With the world's largest survey launching today, butterfly scientists will use the data to assess whether butterflies species can mount a comeback this summer and determine where conservation efforts should be targeted in the future.
Despite early reports that 2017 has so far been a marginally better year for British butterflies, Sir David Attenborough has warned that butterfly species still face a critical summer after a string of poor years has seen many common species decline in numbers.
Last year was the fourth worst on record for butterflies, with common species such as the Small Tortoiseshell, Peacock, Meadow Brown and Gatekeeper all experiencing declines in 2016. The warm, dry spring and early summer heatwave experienced over much of the UK has given many species a head start, according to the conservation group.
The Big Butterfly Count is the world’s largest butterfly survey, and the Butterfly Conservation is encouraging people to use their chart to spot and record 18 species of common butterflies and two day-flying moths during the next three weeks.
Butterfly Conservation President Sir David Attenborough, said: “The next few weeks are a vital period for our butterflies. They need to make the most of this chance to feed and breed. So far the warm weather has given some species like the Meadow Brown, Red Admiral and Ringlet a good start but butterflies really need this to continue.
“Last year, despite a warm summer, butterflies like the Small Tortoiseshell, Peacock, Meadow Brown and Gatekeeper saw their numbers fall as a warm winter and cold spring earlier in the year led to problems that affected their numbers later on.”
He added: “Worryingly, we are now seeing the fortunes of some of our once common butterflies mirror those of our rarest species and they too are now also suffering significant declines with butterflies declining more rapidly in urban areas than in the countryside.
“In the last decade our butterflies have experienced several poor years and although resilient, they simply cannot sustain repeated losses, especially if the habitats they need in order to rebuild their populations are also under threat.”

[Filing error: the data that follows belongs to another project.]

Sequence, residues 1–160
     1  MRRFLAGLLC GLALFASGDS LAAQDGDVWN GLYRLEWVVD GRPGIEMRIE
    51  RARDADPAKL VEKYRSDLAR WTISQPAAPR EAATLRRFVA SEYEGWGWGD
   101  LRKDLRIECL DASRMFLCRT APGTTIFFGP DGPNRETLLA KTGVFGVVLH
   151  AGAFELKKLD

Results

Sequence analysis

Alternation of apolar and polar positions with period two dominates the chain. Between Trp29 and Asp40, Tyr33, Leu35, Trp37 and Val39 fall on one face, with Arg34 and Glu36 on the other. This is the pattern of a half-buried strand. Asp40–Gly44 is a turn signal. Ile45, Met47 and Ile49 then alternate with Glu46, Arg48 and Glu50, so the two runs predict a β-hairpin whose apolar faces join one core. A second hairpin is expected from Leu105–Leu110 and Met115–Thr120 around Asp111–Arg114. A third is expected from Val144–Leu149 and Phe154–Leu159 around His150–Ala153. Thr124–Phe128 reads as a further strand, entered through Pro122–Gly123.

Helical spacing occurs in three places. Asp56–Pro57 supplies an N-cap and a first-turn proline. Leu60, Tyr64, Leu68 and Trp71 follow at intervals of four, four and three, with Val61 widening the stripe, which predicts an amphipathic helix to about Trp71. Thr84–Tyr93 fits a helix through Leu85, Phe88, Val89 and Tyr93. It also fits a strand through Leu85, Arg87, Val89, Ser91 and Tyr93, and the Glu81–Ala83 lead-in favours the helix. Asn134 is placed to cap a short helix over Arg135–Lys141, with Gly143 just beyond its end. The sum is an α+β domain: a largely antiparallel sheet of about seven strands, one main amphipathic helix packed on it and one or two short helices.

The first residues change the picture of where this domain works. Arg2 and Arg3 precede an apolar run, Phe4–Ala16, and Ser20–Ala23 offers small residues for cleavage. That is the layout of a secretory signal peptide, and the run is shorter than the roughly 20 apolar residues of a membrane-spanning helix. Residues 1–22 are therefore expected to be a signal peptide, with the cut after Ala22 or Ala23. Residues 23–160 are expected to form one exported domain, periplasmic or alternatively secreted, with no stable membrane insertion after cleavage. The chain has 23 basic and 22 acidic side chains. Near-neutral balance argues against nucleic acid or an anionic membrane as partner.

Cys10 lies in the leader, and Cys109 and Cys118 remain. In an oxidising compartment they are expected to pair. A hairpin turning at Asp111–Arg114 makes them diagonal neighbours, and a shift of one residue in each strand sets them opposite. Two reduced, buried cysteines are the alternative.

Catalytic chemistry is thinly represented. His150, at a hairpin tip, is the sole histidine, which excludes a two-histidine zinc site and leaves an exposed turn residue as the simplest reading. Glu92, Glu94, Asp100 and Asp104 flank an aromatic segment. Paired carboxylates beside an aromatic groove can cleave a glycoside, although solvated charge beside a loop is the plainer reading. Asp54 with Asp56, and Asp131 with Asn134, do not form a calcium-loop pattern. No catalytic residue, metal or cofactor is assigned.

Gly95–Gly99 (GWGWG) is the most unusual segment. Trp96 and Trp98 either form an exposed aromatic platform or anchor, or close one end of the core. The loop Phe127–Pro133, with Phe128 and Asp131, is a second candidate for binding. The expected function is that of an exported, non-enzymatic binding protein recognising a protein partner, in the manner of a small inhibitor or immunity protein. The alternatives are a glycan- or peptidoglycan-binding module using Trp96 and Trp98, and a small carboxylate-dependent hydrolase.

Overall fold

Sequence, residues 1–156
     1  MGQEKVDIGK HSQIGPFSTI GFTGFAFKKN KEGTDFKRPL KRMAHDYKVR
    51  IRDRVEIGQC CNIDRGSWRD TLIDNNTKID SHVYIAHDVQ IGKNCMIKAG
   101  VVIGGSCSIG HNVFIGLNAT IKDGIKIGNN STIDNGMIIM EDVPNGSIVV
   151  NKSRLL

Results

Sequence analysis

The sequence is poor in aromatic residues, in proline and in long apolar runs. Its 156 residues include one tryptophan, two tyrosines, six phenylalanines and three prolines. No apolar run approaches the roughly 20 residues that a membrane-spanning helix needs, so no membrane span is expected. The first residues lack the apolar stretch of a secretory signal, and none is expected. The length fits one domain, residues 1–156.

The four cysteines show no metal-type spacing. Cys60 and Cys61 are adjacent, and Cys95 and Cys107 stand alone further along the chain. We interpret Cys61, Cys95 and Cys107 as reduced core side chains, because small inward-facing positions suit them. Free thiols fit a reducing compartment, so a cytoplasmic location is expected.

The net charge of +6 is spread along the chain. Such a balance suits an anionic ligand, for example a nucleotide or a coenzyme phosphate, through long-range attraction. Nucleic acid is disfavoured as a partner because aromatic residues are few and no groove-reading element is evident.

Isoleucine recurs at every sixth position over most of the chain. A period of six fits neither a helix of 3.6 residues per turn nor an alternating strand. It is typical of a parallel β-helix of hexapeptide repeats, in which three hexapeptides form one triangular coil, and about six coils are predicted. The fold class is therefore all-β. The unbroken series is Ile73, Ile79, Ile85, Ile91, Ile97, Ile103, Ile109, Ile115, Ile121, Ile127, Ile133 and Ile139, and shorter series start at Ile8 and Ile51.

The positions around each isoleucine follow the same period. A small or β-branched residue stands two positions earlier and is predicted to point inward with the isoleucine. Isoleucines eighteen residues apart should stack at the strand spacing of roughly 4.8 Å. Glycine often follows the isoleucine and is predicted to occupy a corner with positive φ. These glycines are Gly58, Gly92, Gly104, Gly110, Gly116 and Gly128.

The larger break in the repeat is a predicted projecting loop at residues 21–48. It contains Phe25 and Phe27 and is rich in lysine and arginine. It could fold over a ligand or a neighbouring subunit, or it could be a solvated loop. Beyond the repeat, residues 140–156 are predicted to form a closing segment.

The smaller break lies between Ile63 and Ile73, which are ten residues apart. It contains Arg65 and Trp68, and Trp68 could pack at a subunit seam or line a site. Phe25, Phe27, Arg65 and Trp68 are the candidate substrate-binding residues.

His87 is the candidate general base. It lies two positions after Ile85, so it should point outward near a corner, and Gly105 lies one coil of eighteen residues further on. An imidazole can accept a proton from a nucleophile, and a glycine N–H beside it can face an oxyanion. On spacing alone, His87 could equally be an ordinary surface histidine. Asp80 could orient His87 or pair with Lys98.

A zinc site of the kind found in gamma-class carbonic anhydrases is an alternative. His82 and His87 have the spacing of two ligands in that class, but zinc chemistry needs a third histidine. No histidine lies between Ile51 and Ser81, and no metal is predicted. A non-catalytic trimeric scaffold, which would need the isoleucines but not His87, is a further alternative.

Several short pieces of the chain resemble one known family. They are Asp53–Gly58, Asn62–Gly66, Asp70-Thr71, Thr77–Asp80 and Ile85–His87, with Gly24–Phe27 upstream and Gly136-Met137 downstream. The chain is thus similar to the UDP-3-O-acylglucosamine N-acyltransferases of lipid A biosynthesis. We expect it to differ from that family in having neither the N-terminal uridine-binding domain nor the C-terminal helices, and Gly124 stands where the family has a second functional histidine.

This year’s Count also follows new findings that butterflies are declining more rapidly in urban areas than in the countryside.
As many Big Butterfly Counts take place in gardens, parks and urban green space, this year’s results from these habitats will help inform conservationists on how to make our urban landscapes more butterfly-friendly.
Richard Fox, Butterfly Conservation Head of Recording, said: “With increasing numbers of our common and widespread butterflies in long-term decline, Big Butterfly Count is more important than ever. Simply taking 15 minutes out of your normal day to enjoy the sunshine and count butterflies can help us monitor their populations. It’s a win-win for wildlife.”
How to get involved
The Big Butterfly Count runs from 14 July to 6 August. Taking part in the Count is easy - find a sunny spot and spend 15 minutes counting the butterflies you see and then submit sightings online at www.bigbutterflycount.org or via the free Big Butterfly Count app.
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Main image: Holly Blue/Credit: Iain H Leach, Butterfly Conservation
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